from Down to Bedrock

“The whole area is quite free of Jap guards, very occasionally a Jap patrol of 3 (known to us as Freeman, Hardy and Willis) will ride through on bicycles, or officers will rush through in cars. We are quite free to roam about our area as we wish. The first few days here were spent in settling in, some in buildings, some in tents, others in all sorts of weird and fantastic home-made huts and shelters. In the area in which we live there are about 3500 of us. Officers and men are together, which is most unusual in prison camps. The situation is even more unique and odd, because we are living, as it were, in a peace-time camp, with the officers looking after the men. We organise our own routine, and punishments, and fatigues, and rules, and at present have provided our own guards. There are no Jap guards, and we have now wired ourselves in, and have our own military police at the various gates. Of course there are Japanese in evidence outside, and they have warned us that anyone seen outside the wire will be shot; three Gunners and six Australians have already been executed.”

“It must be obvious that in our present circumstances as prisoners of war the work of a padre can be tremendous, his scope is as never before in his life, his opportunities are enormous. Together men have faced grim things and are ready to turn to God. Men now have leisure forced upon them. Gone temporarily is the rush and hurry and noise of a working, fighting world and away in a quiet corner of the world men are inevitably taking stock of themselves. As a padre one is so grateful for the chance one has been given, and the response to his efforts is repaid all the way along.”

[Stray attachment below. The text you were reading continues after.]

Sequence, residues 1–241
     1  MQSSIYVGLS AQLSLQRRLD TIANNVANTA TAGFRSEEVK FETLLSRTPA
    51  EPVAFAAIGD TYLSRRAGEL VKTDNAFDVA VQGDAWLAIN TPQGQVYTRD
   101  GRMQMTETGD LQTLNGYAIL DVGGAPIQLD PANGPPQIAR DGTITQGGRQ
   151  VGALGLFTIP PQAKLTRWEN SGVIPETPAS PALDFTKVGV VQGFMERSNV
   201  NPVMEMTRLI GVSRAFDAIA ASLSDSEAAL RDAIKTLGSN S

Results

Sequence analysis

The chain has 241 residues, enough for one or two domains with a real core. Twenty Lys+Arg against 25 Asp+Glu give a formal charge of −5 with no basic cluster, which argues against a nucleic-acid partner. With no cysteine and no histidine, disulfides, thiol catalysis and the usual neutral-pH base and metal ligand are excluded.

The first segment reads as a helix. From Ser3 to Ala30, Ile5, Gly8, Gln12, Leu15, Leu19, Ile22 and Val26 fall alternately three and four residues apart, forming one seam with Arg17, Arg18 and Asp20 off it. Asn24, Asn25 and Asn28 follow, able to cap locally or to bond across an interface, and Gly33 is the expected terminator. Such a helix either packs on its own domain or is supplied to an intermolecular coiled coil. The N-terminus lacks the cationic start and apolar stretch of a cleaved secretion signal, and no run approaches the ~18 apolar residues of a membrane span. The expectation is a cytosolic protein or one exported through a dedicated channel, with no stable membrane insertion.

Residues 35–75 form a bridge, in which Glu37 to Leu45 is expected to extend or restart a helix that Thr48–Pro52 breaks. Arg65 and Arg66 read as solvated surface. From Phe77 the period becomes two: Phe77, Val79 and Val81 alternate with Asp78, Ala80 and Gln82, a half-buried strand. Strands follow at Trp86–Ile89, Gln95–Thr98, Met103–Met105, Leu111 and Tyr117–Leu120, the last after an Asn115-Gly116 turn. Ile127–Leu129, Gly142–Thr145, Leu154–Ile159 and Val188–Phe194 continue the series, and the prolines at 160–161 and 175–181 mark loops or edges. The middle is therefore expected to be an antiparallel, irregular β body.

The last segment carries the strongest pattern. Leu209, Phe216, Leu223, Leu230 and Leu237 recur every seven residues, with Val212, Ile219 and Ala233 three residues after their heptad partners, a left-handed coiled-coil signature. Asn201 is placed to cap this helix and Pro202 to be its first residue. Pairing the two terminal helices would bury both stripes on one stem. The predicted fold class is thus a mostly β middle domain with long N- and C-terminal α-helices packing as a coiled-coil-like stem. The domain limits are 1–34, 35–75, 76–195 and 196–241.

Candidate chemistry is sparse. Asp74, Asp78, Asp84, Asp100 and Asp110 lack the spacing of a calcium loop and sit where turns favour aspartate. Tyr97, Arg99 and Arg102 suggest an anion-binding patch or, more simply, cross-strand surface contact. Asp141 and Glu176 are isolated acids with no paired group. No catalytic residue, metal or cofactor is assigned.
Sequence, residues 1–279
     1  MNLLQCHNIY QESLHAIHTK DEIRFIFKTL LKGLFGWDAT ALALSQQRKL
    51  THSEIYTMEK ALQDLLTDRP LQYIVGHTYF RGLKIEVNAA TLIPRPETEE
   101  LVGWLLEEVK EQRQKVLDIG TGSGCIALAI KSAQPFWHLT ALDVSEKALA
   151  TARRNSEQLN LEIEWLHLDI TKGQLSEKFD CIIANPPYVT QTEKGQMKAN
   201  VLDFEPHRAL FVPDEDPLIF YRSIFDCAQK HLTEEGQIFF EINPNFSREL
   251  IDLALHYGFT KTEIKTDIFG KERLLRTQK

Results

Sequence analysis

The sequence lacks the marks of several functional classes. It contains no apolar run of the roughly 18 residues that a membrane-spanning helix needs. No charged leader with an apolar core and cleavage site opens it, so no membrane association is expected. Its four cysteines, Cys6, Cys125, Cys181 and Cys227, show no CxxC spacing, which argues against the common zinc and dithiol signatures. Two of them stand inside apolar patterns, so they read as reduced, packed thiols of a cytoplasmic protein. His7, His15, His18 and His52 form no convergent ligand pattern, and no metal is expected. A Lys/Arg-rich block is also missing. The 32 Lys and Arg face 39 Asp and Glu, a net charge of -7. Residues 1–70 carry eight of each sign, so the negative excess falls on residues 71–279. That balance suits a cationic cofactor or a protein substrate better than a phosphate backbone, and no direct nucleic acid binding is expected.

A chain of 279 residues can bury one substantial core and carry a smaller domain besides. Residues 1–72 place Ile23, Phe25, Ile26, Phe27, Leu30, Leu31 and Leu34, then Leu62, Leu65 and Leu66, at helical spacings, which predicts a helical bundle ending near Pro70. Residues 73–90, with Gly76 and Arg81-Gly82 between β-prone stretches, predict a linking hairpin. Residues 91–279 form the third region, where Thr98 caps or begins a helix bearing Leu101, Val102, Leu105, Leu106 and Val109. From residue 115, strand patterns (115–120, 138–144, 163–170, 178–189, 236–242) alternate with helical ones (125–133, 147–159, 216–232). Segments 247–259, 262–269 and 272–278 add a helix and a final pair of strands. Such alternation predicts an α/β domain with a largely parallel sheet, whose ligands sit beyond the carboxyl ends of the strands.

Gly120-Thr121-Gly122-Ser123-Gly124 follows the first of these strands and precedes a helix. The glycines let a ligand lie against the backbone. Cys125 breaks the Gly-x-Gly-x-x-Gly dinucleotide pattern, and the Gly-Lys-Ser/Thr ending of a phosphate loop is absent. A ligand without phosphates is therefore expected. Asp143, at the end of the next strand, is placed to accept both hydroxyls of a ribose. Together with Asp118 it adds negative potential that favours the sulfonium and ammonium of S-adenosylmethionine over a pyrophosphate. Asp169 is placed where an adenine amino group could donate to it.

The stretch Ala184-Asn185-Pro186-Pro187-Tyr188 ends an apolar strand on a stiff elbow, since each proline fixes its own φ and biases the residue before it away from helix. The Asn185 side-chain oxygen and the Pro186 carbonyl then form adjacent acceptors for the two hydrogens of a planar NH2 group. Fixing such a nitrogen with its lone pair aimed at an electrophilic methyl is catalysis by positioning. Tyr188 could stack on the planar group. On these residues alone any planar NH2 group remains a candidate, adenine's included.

“Someone had the brainwave and grand idea of making toys for the sixty British children in the civilian jail which is situated just outside the perimeter wire of our camp. A week before Christmas an exhibition of toys was arranged; to visit it was to recapture the scene of the toy department of any large London store. It was thrilling, scooters, engines, prams, rocking horses, and smaller toys such as dolls and whipping tops, they were all beautifully made and finished. The rapt expression on men’s faces as they lingered over this display, was a foretaste of the thrill that those kiddies must have had in receiving each four or five of these toys. The Japanese authorities gave permission for these toys to be sent to the jail, and a touching letter of thanks was received from the women’s representative in the prison. It would have been marvellous to have been present, though it is not difficult to picture that scene. It must have done much to brighten the life of those little children who, for various reasons, could not be evacuated before the capitulation.”

“As I write now in this makeshift hospital I wonder what will be the outcome. In the past several months I have buried over 600 men. The hospital has 3000 patients, more and more come from up-country as room becomes available. It is just time to say that of the 7000 there are perhaps 1000 reasonably fit. The rest have died or are in hospital. It is too harrowing to picture vividly a ward of men whose sole kit consists of a tin and a spoon and a haversack and a piece of rag, lying on bare bamboo, or rice sacks with no covering, until later blankets were issued. The patients present a sorry picture, their exhaustion is so complete that no pain is suffered, they slip into a coma and the end is peaceful. Each morning several bodies are lying still. It is not the business of these lines to record conditions in detail. I hope and trust that accurate accounts will be produced when eventually we are free men.”

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